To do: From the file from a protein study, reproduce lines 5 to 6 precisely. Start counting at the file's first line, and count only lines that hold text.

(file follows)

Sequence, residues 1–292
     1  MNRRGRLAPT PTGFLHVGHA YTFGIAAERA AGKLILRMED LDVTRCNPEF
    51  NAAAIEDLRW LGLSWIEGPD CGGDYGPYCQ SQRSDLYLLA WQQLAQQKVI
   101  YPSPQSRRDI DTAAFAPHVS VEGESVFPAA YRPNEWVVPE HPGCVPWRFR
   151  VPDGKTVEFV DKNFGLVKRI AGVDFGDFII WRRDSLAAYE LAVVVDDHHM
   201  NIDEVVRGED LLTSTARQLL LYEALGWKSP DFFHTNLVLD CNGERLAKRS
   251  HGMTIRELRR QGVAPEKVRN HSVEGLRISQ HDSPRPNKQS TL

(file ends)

   151  VPDGKTVEFV DKNFGLVKRI AGVDFGDFII WRRDSLAAYE LAVVVDDHHM
   201  NIDEVVRGED LLTSTARQLL LYEALGWKSP DFFHTNLVLD CNGERLAKRS